Civil suit in Alabama goes forward
Judge refuses to dismiss case made by families of murder victims against companies who made, distributed, or sold Grand Theft Auto.
The gaming industry faced a setback this week, as a federal judge rejected a motion to dismiss a civil lawsuit brought against Take-Two Interactive and a number of other industry players associated with Grand Theft Auto.
Although the argument that playing Grand Theft Auto III and Grand Theft Auto: Vice City made then-18-year-old Devin Moore kill two police officers and a police dispatcher didn't hold weight in the youth's criminal trial, the victims' families are hoping that the companies they've sued are found responsible in a civil trial.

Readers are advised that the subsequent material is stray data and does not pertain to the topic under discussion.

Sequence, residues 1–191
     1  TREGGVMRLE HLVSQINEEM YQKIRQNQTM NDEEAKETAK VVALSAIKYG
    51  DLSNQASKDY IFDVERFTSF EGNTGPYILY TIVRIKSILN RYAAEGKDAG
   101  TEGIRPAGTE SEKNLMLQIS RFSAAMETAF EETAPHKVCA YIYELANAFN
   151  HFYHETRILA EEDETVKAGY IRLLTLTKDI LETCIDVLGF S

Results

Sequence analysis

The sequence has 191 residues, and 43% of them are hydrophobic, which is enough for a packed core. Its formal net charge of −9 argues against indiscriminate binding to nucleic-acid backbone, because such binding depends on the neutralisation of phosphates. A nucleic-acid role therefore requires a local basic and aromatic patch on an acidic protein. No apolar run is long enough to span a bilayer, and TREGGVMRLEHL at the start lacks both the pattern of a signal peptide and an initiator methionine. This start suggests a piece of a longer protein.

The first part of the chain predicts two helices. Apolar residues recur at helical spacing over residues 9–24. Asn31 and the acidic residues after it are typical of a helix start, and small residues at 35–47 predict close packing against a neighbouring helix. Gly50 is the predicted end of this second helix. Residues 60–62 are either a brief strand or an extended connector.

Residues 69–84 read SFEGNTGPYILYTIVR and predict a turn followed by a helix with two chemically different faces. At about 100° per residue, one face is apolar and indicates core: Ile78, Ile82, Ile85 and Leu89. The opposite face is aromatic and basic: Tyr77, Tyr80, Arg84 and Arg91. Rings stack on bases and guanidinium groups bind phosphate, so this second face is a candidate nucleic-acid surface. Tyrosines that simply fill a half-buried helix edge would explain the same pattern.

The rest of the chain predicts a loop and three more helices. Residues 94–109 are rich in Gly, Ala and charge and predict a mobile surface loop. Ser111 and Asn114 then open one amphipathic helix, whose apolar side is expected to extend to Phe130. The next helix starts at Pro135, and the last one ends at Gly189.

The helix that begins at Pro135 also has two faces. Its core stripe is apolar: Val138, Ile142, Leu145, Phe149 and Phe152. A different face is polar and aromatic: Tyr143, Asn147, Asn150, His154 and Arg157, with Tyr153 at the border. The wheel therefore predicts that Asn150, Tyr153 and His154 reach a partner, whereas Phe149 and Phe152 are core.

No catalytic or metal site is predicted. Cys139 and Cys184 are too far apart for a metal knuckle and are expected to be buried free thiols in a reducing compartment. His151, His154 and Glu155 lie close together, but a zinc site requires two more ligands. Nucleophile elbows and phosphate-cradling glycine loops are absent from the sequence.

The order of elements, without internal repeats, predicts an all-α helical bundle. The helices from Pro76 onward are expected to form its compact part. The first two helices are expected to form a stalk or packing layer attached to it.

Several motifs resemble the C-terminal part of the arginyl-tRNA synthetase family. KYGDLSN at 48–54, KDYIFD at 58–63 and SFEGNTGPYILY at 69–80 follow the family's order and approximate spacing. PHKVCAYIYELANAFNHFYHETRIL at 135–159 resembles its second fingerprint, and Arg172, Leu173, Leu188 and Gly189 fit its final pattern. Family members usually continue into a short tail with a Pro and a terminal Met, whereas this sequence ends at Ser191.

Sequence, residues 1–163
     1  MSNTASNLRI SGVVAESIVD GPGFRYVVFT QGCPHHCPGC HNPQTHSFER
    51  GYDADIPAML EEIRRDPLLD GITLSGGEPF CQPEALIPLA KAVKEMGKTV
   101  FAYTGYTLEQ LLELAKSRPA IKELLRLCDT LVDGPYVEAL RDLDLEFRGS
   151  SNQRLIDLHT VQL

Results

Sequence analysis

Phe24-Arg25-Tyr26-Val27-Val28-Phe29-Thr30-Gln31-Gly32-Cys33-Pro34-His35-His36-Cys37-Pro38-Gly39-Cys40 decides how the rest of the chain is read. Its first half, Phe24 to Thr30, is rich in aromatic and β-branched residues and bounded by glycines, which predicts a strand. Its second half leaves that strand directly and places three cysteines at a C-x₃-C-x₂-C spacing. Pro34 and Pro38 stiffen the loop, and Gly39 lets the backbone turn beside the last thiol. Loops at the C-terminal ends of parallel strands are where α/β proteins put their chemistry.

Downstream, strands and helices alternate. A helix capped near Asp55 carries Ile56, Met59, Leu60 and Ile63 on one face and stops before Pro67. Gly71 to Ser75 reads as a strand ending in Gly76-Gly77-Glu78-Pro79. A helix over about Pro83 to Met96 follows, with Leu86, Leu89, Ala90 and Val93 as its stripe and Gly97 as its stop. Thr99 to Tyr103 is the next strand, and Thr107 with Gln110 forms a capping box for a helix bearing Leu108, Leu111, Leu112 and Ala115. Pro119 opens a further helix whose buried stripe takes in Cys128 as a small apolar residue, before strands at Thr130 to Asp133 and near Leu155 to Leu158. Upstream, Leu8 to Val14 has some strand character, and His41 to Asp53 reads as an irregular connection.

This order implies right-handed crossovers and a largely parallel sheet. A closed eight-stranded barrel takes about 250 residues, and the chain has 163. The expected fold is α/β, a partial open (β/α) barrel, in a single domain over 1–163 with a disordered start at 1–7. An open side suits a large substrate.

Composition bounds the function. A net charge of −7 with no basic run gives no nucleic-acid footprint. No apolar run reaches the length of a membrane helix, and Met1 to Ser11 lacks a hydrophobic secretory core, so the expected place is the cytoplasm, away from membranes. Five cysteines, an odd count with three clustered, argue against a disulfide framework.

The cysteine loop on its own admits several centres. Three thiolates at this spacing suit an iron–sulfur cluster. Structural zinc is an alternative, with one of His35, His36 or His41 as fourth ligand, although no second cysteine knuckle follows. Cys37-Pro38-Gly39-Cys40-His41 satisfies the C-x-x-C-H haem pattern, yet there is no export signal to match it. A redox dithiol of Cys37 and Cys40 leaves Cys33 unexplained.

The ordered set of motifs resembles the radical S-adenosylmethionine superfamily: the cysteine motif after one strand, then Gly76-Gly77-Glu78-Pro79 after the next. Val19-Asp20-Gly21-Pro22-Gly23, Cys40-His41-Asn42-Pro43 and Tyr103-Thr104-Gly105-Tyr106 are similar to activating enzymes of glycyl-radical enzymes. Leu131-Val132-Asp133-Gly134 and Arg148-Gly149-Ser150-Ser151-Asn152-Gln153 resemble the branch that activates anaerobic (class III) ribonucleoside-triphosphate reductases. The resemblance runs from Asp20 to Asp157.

When Fayette County Circuit Judge James Moore booted Florida attorney Jack Thompson from the case, he did so with an 18-page ruling taking him to task for unprofessional conduct and revoking his temporary license to practice law in the state. His decision not to dismiss the case entirely, now posted at Game Politics, was much more concise.
In a single page, the judge explained his reasons for not dismissing the case. With no evidence presented, a "novel and untested" theory of liability, the possibility that the plaintiffs could prove anything that would entitle to relief, and the state's assumption that alleged facts are true when considering a motion to dismiss, the judge denied the motion.
Judge Moore has not yet set a trial date.